Labor Substitution in Philippine Rice Farming Systems: An Analysis of Gender Work Roles

S. J. Tisch and T. R. Paris (1994)
Rural Sociology Volume 59 Issue 3, Pages 497 – 514

The effect of rice technology adoption on gender work roles of husbands and wives is examined in two rice ecosystems in the Philippines. Technology use is likely to be less labor-constrained if the work roles of men and women are flexible. Labor substitution between farming husbands and wives then occurs in response to economic pressures rather than being restricted by predetermined gender roles. The analysis of farm-level data from four villages indicates that work roles are more fluid than suspected and labor substitution occurs between husbands and wives in response to economic opportunities. The adoption of the labor-saving direct-seeded rice technique releases wives’ labor on partially-irrigated rice farms more than on rainfed rice farms.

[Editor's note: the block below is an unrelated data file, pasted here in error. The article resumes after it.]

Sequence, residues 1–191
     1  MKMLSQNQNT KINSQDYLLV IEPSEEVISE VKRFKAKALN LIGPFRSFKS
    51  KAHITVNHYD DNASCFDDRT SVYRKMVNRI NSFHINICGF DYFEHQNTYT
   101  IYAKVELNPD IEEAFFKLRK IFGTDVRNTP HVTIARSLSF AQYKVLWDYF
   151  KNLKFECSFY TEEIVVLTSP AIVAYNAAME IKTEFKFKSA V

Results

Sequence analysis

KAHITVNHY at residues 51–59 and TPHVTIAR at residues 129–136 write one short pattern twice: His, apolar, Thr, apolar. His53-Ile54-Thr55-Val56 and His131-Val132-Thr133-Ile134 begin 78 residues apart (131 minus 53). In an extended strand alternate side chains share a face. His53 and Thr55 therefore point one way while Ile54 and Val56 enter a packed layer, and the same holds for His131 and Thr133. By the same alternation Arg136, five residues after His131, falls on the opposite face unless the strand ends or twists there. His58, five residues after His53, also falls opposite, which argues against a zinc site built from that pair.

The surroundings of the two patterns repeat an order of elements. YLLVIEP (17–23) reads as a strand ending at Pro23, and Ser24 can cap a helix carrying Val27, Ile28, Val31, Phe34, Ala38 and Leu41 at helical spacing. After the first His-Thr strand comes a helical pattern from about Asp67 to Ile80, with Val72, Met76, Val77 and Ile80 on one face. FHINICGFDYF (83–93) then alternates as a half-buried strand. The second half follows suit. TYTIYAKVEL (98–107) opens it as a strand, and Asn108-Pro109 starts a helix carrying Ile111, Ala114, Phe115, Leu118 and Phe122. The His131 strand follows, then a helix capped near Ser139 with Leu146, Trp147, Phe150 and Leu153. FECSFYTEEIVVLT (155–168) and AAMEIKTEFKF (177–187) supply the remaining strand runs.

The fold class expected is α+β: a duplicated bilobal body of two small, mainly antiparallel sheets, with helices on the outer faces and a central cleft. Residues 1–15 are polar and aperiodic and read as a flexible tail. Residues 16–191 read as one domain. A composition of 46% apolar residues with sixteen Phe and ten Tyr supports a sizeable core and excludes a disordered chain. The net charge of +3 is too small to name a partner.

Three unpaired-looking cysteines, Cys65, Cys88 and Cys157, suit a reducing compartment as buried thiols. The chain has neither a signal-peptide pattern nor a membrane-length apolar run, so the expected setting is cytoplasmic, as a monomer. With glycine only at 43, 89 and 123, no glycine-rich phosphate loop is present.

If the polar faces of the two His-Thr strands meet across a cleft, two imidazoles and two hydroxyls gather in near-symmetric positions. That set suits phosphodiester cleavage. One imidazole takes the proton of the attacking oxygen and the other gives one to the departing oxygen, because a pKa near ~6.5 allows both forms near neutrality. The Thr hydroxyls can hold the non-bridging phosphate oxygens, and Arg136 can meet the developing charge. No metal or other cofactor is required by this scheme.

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About taongtanglaw

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This entry was posted in gender roles, irrigated rice, labor, Philippines, rainfed environment, technology adoption. Bookmark the permalink.

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